Body Type
The final act of the night for me also put on one of the most energetic sets of the entire week. These four Australian ladies almost seemed to be having more fun than the audience for their 1:00am slot at Swan Dive, although the dude who felt the need to try and fist bump the members of the band during their set probably felt like he was having more fun. Body Type have only got an EP to their name so far, with another on the way in May of this year. Here’s hoping for even more to come soon.

SXSW Review: Yola, March 13, Radio Day Stage

Posted on by Gary in Everything, Reviews, South By Southwest | Leave a comment

Yola

Yola (Carter) has a gift with her voice. It is not only the volume and clarity with which she holds your attention. No, your 8th grade English teacher can do that. It’s the deep connection she has with the audience, and the layered delivery that allows her to pack much emotion into melodies that I would in all likelihood completely disregard had they been sent across the radio.

Working from her debut album, tracks like the eponymous “Walk Through Fire” and “It Ain’t Easier”, for example, are both classic country numbers in my book. If this were to go down as the only country set I visited at SXSW after a decade, then so be it. (But if anyone asks I would still staunchly, in a principled manner, deny ever having been). Coming from a background of gun-for-hire for other bands, Yola’s natural strengths in soul and country really do shine through. Here, hitting notes and harmonies, while important, are secondary to the electric feeling that builds up in the air. It’s like she and Dan Auerbach guard a box (or a cowboy hat) with magic dust and sprinkle it sparingly.

There are some gems in the songwriting as well. There is nothing more “real” than the lyrics which with I nearly laughed my fellow passengers’ heads off on the L:

Nobody moves the way you do
walking ’round the grocery store
Only you know what you’re looking for

What kind of sick and twisted person would double-entendre with your expectations in a longingly expressive love song? The British kind, of course. Other highlights for me were “Shady Grove”, “Still Gone”, and “Faraway Look”.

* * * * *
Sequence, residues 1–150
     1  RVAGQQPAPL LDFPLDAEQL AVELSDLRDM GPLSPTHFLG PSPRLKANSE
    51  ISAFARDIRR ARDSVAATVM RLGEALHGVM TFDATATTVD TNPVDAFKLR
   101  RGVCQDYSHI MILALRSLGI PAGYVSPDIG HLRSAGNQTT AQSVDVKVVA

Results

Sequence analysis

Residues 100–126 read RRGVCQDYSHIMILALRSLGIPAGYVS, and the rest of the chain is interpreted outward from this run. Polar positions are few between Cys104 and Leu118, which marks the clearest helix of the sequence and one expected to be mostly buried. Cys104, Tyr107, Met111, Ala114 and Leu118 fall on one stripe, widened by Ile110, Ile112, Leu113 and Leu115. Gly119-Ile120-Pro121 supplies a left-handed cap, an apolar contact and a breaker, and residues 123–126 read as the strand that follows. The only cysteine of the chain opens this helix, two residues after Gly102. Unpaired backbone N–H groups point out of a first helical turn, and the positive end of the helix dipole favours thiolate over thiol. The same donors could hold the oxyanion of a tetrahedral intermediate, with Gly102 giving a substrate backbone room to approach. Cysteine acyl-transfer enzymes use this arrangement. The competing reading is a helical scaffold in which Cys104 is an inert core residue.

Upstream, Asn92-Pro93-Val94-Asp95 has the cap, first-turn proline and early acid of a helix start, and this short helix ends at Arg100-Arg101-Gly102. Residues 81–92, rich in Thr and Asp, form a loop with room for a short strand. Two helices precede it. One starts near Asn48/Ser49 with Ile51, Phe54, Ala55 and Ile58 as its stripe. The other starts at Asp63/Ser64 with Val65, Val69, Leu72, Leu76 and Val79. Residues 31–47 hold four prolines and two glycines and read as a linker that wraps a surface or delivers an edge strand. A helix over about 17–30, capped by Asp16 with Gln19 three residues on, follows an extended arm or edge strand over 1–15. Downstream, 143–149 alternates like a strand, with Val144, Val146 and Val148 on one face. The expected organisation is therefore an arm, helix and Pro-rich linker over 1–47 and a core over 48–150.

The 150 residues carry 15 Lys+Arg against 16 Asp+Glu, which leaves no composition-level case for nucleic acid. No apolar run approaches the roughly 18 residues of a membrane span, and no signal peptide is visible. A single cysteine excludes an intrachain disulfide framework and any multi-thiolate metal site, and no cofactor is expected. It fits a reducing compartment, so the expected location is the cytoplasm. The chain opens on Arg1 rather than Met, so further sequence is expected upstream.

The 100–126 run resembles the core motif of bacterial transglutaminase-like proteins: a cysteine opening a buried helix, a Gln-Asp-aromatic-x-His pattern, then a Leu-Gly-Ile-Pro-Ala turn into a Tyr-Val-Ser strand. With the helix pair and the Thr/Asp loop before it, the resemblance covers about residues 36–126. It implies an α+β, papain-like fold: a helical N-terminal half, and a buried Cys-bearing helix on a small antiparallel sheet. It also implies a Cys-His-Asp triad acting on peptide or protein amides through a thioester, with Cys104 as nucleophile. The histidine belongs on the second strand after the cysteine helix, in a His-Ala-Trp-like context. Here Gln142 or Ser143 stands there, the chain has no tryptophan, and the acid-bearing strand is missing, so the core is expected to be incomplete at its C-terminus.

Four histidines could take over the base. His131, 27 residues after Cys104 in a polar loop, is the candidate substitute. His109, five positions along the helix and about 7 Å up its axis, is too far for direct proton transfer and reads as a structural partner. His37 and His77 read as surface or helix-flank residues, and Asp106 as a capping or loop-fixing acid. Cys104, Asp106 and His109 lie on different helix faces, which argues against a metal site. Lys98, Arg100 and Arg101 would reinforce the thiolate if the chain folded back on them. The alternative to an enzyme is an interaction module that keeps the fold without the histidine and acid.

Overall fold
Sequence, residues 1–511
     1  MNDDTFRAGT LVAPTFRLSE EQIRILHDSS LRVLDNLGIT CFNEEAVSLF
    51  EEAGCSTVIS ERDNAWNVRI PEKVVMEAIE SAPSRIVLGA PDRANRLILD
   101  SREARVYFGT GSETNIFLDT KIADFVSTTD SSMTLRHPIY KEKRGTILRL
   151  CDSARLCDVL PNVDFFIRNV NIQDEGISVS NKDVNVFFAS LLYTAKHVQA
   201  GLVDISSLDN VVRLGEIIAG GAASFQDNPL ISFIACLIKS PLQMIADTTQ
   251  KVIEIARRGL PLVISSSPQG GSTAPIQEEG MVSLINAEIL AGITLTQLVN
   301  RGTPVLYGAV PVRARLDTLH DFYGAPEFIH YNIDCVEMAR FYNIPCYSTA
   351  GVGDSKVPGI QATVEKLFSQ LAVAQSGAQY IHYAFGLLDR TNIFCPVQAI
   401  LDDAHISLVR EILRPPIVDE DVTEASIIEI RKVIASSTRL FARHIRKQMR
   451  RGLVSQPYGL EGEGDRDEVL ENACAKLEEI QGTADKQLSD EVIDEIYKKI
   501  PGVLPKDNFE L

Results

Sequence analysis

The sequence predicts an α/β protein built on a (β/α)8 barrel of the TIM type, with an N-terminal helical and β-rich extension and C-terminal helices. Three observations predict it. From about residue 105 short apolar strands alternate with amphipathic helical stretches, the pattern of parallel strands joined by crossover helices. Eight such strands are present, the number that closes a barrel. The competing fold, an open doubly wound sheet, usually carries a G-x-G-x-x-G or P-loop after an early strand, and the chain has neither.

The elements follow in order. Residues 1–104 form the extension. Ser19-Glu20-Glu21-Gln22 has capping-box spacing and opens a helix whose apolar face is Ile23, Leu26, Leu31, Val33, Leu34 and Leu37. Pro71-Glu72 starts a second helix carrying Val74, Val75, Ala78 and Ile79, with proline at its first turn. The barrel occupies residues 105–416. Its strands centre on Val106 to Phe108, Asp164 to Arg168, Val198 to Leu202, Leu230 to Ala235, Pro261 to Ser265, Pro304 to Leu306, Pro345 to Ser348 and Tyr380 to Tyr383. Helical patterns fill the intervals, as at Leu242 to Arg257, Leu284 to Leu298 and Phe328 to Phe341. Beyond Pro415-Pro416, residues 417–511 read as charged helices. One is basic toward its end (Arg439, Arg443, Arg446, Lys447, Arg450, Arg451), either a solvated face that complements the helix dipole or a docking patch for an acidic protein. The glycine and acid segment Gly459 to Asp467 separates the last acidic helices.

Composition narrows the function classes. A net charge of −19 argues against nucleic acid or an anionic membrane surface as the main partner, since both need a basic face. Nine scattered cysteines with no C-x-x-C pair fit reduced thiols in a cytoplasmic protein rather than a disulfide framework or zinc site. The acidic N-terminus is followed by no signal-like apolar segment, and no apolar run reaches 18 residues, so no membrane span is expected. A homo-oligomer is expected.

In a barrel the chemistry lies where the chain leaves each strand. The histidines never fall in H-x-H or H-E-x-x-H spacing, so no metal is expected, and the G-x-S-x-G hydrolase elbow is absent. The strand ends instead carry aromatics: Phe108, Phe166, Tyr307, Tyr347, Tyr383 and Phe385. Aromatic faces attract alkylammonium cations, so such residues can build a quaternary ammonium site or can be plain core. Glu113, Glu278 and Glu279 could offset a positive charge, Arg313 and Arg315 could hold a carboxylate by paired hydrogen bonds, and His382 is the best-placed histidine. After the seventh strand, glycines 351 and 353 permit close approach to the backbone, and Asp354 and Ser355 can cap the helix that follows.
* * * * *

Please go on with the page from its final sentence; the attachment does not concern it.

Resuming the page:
Check out the video for “Faraway Look” below:

SXSW Film Review: Greener Grass (Jocelyn DeBoer, Dawn Luebbe, 2019)

Posted on by Gary in Reviews, South By Southwest | Leave a comment

greener-grass-146690

Greener Grass is completely brilliant at what it does. There aren’t many other ways to get this across without spoiling the film. The brainchild (brainchildren?) of directors and actresses Jocelyn DeBoer and Dawn Luebbe has a loose story, but Greener Grass is really an experience brewed from the organic roasted snapshots of suburbia. An absurdist satire on hyper-politeness marinated with envy that so permeates our, and in bold emphasis, white American society.

To give you a scenario that stabs at reality as the film opens: the protagonist trades away her newborn baby based on a comment, and finds her other son transformed into a dog. But of course from there the situations become ever more perverse. Even though everything is clearly caving in around the protagonist, she and her cohort remain hopelessly entrenched in a fixed role, far beyond rescue. And perhaps in a sick, metaphysical way, they ARE the boundaries: it is physically impossible to step out of bounds no matter how poignant the reminder, or however hard they try.

Even in the Q&A after the film, I wasn’t sure if the directors were completely out of character yet. The over eagerness belies some type of dysfunction that you just know isn’t normal nor wholesome. As George Carlin used to point out about one American aphorism: how can anyone be “more than happy”? Perhaps more pressingly: what happens to your life if you must always be happy? It is the symptom of the Facebook and Instagram generation (regardless of age), cheapening our values into superficial facades that you can rent, buy, sell and promote. Greener Grass doesn’t pretend it has a reply, or a solution. But it does paint a 70 foot tall picture of that farce so one cannot fail to see the laughable and meaningless corners we drive ourselves into.

1 2 3 4 5 6 7 8 9 10 ... 103 104   Next »